Because I’m too lazy to write a dedicated article on any of these things… After the break…
Odds & Ends…
In an alternate universe somewhere, I have plenty of time. Too much time. So much time that I can write daily entries into this blog. Not anymore and, quite honestly, not for the near future.
As a result, instead of taking the time to craft and hone a huge chunk of my opinions into a finely-tuned blog entry, here are my thoughts on some things that, in an alternate universe, would have been presented a lot more artfully than they are right now:
Mazes & Minotaurs
I remember the old internet. The “classic” internet. Heck, I remember the Internet before Mosaic came out. Of elephant-ear floppy disks and VAX computers and… Yeah, that’s a bit too early for a lot of people. Regardless, the morale of that story is… I’ve been around the internet for a long, long, LONG time.
In the early days of the internet, free content was sparse. Very sparse. Free computer games? Hah! You were lucky that some guy took the time to program a clone of some classic arcade game. Have at it… If you could even find it. This was the era before Google and you had to rely upon webrings and lists and .PLAN files and your friend of a friend of a friend found this neat website and he’ll IM the link to you…
“Mazes & Minotaurs” was in the same vein as the “Boilerplate” robot phenomenon & “The Blair Witch Project” film: They were ‘fake real’ items concocted with a fictional background to give them an aura larger than what they really were. “The Blair Witch Project” was a low-budget horror film that only coyly revealed that it was a fictional film instead of really being a found-film about three young adults who get more than they bargain for when they search for a mythical witch. “Boilerplate” was an example of someone using photo-manipulation to put a steampunk-styled bipedal robot into otherwise authentic period photographs.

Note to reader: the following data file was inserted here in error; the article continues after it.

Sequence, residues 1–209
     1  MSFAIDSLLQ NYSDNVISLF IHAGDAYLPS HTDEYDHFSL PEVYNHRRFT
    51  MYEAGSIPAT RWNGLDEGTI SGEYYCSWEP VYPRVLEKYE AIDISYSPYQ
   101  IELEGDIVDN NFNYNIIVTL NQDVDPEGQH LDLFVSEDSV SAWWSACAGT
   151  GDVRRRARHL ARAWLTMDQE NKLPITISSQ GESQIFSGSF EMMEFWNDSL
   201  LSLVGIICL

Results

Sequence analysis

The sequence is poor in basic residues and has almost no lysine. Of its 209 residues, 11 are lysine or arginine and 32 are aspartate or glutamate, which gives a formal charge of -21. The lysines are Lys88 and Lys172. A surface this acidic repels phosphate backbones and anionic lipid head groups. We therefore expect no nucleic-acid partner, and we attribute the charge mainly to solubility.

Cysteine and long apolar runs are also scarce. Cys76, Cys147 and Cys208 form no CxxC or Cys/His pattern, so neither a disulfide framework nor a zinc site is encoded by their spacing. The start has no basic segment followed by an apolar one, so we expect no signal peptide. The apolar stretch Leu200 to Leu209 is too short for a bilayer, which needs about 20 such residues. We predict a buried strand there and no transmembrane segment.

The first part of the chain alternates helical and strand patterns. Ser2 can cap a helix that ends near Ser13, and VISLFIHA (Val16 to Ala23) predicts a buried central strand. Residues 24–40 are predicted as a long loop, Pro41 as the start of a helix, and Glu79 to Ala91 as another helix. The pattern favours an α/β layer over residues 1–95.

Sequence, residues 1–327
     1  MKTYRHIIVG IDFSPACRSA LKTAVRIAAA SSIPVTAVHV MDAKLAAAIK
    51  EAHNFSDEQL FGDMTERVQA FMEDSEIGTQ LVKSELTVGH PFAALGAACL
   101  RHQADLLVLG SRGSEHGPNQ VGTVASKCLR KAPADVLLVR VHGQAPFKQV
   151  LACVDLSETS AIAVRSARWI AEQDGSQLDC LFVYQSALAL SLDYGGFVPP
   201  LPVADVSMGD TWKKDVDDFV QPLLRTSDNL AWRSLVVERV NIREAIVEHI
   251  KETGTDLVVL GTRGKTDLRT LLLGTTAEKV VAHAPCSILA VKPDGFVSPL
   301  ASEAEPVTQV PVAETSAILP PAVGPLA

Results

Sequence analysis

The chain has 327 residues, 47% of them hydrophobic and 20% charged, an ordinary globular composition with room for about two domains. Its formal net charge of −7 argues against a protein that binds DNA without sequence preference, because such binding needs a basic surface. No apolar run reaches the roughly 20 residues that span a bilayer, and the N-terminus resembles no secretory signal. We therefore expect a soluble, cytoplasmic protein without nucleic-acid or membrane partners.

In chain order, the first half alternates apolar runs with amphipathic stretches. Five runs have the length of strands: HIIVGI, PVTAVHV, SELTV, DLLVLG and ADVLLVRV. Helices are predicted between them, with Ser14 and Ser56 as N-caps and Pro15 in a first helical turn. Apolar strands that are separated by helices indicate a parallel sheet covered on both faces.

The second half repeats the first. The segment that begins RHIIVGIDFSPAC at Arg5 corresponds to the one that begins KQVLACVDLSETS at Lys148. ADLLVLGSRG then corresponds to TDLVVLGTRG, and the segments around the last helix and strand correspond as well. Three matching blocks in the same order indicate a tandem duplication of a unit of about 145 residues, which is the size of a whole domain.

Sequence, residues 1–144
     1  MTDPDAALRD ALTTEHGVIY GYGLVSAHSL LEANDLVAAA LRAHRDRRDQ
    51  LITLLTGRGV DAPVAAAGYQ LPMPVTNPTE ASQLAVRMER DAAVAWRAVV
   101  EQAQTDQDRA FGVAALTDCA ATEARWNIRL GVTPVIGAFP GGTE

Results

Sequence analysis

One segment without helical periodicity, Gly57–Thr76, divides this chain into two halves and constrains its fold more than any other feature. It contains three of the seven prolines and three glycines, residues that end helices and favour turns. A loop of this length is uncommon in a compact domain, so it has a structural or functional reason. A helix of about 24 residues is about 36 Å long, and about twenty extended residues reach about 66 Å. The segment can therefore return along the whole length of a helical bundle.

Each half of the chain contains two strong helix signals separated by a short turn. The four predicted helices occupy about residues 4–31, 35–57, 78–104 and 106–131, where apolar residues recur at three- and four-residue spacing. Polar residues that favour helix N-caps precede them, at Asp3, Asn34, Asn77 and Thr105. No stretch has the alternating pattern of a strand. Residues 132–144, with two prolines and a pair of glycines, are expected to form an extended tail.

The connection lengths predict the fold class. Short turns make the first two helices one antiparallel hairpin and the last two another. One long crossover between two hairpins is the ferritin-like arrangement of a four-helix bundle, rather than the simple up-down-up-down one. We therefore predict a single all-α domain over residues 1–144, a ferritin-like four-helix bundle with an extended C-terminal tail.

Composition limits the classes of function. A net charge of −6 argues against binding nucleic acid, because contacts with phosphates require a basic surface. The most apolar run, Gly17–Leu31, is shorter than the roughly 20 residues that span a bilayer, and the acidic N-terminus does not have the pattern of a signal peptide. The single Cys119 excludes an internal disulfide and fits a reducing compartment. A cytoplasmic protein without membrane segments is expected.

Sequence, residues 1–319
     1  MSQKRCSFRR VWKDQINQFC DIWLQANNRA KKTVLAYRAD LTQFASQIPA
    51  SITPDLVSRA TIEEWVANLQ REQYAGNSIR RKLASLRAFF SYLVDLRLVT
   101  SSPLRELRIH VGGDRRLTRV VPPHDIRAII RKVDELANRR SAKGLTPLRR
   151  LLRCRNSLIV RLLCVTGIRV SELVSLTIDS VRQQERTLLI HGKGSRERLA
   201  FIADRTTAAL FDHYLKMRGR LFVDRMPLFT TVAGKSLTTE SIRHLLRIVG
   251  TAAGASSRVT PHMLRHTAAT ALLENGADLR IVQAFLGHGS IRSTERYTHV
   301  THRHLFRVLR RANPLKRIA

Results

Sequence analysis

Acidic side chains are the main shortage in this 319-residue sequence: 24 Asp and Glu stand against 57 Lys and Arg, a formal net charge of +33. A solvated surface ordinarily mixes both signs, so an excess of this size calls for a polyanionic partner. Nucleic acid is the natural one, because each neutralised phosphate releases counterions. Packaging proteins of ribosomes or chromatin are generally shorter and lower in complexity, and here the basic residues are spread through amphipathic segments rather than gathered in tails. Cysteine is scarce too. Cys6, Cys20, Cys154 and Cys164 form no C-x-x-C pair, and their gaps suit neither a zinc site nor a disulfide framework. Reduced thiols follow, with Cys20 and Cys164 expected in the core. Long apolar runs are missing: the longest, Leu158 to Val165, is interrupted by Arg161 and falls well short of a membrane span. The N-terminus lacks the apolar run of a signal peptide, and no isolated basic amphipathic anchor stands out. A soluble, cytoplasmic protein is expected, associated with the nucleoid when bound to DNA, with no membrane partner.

“Mazes & Minotaurs” had the premise that, what if the creators of the pen-and-paper role-playing game had instead decided to base their game on Greek mythology rather than Tolkien’s European fantasy setting? The result was a real RPG that you could play along with a “modernized” updated version that received periodic updates through a magazine called “Minotaur Quarterly” (much like “Dungeons & Dragons” had the “Dragon” & “Dungeon” magazines).
I always thought that the entire premise was neat and, quite frankly, it was a great thought experiment about what might have been had Gary Gygax & Dave Arneson (the two co-creators of Dungeons & Dragons) really had gone in that bizarre but rationale direction. Even for RPG enthusiasts, it never seemed to gain a great deal of popularity and it had that “cozy little corner that no one knew about” quality to it.
Unfortunately, time is the enemy of all things good and “Mazes & Minotaurs” has recently ground to a halt. The “quarterly” in “Minotaur Quarterly” has been somewhat in jest for the past few years (it stopped being quarterly around 2010) and it’s final edition occurred a few months back.